The St. Petersburg Times has not identified the teen because the allegations against Joyner involved activities that would have taken place when she was a minor.

The Joyners' divorce was finalized last March, county records show.

Times news researcher Carolyn Edds contributed. Tony Marrero can be reached at (352) 848-1431 or

Former Nature Coast Technical High School coach loses state teaching certificate over affair with student 06/29/11 [Last modified: Wednesday, June 29, 2011 8:24pm]
Photo reprints | Article reprints

© 2017 Tampa Bay Times


Join the discussion: Click to view comments, add yours

  1. 'Garbage juice' seen as threat to drinking water in Florida Panhandle town


    To Waste Management, the nation's largest handler of garbage, the liquid that winds up at the bottom of a landfill is called "leachate," and it can safely be disposed of in a well that's 4,200 feet deep.

    Three samples that were displayed by Jackson County NAACP President Ronstance Pittman at a public meeting on Waste Management's deep well injection proposal. The sample on the left is full of leachate from the Jackson County landfill, the stuff that would be injected into the well. The sample on the right shows leachate after it's been treated at a wastewater treatment plant. The one in the middle is tap water.
  2. Registered sexual predator charged in assault of woman in Brooksville

    Public Safety

    Times Staff Writer

    BROOKSVILLE — Hernando County deputies arrested a registered sexual predator Thursday after they say he attempted to assault a woman and fled into a storm drain.

    Lee Roy Rettley has been charged with attempted homicide, attempted sexual battery and home invasion robbery.
  3. Honda denies covering up dangers of Takata air bags


    With just a third of the defective Takata air bag inflators replaced nationwide, the corporate blame game of who will take responsibility — and pay — for the issue has shifted into another gear.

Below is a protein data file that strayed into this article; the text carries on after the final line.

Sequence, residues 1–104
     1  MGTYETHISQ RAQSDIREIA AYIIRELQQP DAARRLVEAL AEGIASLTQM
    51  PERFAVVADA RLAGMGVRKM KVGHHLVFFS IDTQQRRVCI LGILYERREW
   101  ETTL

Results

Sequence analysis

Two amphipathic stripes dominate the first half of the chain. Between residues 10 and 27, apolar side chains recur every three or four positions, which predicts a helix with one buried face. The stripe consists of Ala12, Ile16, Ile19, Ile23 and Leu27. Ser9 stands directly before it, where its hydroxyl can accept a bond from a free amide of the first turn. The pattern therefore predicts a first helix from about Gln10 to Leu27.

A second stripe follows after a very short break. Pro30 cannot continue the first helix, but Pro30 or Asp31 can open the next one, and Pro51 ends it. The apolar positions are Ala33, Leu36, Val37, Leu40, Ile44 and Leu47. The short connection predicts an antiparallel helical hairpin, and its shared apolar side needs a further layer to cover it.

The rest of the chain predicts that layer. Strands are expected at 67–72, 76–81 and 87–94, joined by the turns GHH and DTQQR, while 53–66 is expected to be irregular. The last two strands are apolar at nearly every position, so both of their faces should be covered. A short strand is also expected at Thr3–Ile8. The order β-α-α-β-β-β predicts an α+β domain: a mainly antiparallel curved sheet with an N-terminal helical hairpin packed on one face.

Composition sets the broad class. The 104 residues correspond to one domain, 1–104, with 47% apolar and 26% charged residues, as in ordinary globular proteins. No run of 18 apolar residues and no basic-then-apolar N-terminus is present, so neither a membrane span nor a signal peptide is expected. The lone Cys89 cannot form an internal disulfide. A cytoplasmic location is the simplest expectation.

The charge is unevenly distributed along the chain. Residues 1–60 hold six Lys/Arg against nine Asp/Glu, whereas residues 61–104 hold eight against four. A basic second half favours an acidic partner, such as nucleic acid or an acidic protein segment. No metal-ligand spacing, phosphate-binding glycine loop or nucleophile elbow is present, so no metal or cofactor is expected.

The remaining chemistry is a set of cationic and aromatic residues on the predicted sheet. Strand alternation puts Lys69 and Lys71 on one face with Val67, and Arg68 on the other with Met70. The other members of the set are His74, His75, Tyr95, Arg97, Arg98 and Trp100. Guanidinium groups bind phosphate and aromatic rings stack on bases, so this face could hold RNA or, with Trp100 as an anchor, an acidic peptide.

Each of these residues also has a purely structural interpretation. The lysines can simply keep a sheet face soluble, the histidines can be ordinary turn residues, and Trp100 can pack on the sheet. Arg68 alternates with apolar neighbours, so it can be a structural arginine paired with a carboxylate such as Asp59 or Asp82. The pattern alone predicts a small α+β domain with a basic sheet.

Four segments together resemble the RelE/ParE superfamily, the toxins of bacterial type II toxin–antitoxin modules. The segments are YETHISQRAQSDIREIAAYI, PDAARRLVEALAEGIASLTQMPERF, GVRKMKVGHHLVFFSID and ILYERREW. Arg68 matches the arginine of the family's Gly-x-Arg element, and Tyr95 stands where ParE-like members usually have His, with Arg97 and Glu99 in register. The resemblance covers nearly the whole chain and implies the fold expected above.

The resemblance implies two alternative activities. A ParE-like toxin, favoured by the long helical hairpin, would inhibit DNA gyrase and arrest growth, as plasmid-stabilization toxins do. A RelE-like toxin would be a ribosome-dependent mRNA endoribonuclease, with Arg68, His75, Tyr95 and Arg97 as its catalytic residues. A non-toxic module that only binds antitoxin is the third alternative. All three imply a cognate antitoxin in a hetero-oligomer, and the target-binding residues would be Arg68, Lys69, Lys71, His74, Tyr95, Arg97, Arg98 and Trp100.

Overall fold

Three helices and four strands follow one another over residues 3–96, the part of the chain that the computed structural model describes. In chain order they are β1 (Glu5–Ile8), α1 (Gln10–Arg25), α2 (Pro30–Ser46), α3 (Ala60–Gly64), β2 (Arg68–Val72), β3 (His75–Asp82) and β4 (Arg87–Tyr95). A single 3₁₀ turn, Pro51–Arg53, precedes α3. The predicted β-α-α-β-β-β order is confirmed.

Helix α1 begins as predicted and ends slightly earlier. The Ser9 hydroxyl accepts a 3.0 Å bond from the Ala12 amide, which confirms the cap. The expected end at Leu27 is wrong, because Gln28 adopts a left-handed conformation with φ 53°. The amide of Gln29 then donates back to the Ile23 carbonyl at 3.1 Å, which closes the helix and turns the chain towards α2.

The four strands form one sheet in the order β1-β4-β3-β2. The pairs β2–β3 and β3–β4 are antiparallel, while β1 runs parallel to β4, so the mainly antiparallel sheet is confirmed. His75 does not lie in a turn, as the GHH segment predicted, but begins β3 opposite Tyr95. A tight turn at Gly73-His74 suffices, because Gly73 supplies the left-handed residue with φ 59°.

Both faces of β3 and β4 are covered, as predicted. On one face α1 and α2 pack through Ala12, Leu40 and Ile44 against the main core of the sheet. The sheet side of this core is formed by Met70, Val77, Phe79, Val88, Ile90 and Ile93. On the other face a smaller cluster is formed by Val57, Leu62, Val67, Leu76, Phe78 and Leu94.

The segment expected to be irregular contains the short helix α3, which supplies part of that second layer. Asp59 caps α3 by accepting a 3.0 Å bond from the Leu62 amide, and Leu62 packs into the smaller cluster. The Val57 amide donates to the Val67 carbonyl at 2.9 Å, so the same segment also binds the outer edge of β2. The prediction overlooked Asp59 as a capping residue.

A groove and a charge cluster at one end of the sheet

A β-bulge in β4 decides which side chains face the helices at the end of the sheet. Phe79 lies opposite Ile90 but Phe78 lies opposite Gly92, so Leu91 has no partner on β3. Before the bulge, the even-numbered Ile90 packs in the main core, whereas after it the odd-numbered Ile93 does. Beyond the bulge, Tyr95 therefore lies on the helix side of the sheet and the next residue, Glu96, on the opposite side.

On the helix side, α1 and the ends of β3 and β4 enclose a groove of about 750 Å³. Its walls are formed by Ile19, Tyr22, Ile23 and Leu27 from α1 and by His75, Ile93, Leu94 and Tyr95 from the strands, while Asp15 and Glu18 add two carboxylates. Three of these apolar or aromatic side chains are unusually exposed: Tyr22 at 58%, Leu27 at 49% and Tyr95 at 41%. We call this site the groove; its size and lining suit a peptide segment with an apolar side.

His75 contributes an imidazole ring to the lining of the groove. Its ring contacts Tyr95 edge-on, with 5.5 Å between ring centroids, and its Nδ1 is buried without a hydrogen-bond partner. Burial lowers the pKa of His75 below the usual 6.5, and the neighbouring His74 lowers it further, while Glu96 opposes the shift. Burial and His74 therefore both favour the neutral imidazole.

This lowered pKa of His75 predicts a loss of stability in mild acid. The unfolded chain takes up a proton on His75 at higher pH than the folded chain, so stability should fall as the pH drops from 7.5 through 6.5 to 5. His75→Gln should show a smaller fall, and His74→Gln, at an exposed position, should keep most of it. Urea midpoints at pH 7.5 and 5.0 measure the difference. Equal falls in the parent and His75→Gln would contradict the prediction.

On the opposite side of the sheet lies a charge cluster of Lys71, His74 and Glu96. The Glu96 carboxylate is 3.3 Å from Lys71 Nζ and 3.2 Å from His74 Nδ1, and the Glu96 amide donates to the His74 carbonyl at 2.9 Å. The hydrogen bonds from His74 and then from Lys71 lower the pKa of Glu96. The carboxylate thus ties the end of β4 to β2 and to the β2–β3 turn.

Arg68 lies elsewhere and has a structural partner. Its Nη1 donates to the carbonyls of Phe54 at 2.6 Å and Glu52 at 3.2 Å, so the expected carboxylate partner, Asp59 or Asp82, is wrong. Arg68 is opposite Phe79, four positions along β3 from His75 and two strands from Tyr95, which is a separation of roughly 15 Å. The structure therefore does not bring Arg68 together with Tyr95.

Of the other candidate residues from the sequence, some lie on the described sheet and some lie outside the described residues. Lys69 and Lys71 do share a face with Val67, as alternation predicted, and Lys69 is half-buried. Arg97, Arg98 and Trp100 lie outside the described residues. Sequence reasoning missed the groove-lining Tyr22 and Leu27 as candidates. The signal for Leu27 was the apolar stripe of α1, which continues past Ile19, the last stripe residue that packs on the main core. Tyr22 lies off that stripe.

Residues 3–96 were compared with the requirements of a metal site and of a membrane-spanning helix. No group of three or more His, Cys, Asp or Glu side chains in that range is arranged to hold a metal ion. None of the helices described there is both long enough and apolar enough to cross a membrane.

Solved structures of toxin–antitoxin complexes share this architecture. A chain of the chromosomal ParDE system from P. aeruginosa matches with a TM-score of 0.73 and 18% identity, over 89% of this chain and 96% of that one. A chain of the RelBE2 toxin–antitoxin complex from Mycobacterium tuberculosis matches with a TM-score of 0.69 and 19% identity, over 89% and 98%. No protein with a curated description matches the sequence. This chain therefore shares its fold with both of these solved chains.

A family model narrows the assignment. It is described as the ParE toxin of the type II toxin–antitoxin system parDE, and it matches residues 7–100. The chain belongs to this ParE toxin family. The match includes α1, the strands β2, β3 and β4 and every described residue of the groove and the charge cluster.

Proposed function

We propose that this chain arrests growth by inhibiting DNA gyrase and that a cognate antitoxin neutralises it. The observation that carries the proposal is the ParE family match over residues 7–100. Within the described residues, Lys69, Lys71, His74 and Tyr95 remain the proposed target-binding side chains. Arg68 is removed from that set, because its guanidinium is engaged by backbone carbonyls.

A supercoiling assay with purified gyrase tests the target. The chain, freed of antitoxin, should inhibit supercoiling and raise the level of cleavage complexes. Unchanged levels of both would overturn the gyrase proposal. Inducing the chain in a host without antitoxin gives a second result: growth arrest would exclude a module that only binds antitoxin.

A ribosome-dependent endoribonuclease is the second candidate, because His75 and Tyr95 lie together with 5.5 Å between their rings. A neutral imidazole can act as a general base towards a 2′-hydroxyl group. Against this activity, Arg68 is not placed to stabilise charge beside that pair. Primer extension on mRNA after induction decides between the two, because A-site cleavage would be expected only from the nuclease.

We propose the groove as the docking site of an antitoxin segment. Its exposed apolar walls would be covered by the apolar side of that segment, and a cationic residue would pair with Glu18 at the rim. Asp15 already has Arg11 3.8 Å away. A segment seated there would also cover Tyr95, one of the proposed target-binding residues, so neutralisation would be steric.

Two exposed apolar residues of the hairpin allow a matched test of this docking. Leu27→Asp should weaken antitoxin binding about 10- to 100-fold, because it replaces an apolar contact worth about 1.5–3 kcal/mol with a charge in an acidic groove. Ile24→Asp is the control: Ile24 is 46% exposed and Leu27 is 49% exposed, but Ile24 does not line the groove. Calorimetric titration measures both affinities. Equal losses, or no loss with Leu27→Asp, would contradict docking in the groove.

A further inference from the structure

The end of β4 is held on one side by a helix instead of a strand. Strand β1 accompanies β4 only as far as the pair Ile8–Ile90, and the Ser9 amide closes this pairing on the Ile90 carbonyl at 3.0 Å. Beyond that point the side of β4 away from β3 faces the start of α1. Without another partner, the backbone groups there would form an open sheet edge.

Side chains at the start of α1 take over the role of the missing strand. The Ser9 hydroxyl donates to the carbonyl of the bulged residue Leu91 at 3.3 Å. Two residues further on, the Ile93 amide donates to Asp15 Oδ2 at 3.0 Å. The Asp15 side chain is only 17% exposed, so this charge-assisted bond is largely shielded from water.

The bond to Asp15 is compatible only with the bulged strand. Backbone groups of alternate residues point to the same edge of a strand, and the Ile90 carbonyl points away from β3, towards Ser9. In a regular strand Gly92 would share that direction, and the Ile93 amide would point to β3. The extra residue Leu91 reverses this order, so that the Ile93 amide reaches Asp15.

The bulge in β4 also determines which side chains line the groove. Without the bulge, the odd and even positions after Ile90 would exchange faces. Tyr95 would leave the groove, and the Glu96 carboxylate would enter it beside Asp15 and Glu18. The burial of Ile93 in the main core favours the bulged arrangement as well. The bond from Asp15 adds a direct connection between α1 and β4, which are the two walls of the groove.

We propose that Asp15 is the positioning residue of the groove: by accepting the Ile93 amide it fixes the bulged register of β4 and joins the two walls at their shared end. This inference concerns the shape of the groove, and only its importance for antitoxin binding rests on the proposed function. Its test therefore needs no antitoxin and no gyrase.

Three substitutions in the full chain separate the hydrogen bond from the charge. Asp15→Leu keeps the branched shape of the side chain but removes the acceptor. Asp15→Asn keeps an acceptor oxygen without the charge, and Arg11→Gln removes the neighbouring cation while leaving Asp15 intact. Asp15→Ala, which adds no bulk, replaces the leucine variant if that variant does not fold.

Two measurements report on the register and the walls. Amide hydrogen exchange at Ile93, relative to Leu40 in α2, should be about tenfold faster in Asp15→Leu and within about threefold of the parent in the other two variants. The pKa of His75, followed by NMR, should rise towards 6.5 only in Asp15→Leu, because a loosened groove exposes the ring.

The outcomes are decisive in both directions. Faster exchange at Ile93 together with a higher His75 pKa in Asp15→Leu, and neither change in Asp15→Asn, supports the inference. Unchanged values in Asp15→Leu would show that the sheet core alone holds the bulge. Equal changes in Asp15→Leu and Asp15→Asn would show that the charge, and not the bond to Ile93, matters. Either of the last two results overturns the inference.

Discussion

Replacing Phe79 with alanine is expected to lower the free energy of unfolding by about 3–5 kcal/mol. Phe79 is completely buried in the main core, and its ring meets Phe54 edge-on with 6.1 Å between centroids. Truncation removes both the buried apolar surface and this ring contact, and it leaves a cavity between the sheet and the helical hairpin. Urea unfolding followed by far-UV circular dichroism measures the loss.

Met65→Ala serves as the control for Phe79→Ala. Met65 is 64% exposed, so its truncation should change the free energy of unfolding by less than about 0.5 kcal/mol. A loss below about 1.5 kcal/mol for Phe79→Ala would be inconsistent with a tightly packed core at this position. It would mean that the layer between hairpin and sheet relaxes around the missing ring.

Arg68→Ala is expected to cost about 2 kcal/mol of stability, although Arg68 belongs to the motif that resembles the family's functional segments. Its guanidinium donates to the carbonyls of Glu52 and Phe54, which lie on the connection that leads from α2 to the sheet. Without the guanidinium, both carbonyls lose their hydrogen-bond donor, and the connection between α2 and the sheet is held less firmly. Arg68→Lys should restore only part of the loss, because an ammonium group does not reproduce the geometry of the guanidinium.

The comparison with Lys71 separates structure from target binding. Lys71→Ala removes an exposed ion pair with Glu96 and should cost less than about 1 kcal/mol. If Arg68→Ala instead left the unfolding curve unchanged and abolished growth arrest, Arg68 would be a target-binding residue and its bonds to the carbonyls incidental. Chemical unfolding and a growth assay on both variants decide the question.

Honda is denying covering up dangers of Takata air bags. | [Scott McIntyre, New York Times]
  4. Former CEO of Winn-Dixie parent joining Hong Kong company


    The former CEO of the Jacksonville-based parent of Winn-Dixie grocery stores, Ian McLeod, has landed a new leadership role in Hong Kong. He is joining the pan-Asian based Dairy Farm International Holdings Ltd. as group chief executive.

    Ian McLeod, who is stepping down as the CEO of the parent company of Winn-Dixie, has been hired by Dairy Farm International Holdings. 
[Photo courtesy of Southeastern Grocers]
  5. Eckerd Kids: Teens in group foster homes must be allowed to keep phones


    TAMPA — For many teens still reeling from being taken into foster care, a cell phone is a lifeline, child advocates say.

    Eckerd Kids, the agency that runs child welfare in Tampa Bay, will in January require agencies that run group foster homes to allow children to use cell phones. Some group homes are concerned that children may use phones for unathorized contract with their parents or other adults or to post pictures of other foster children on social media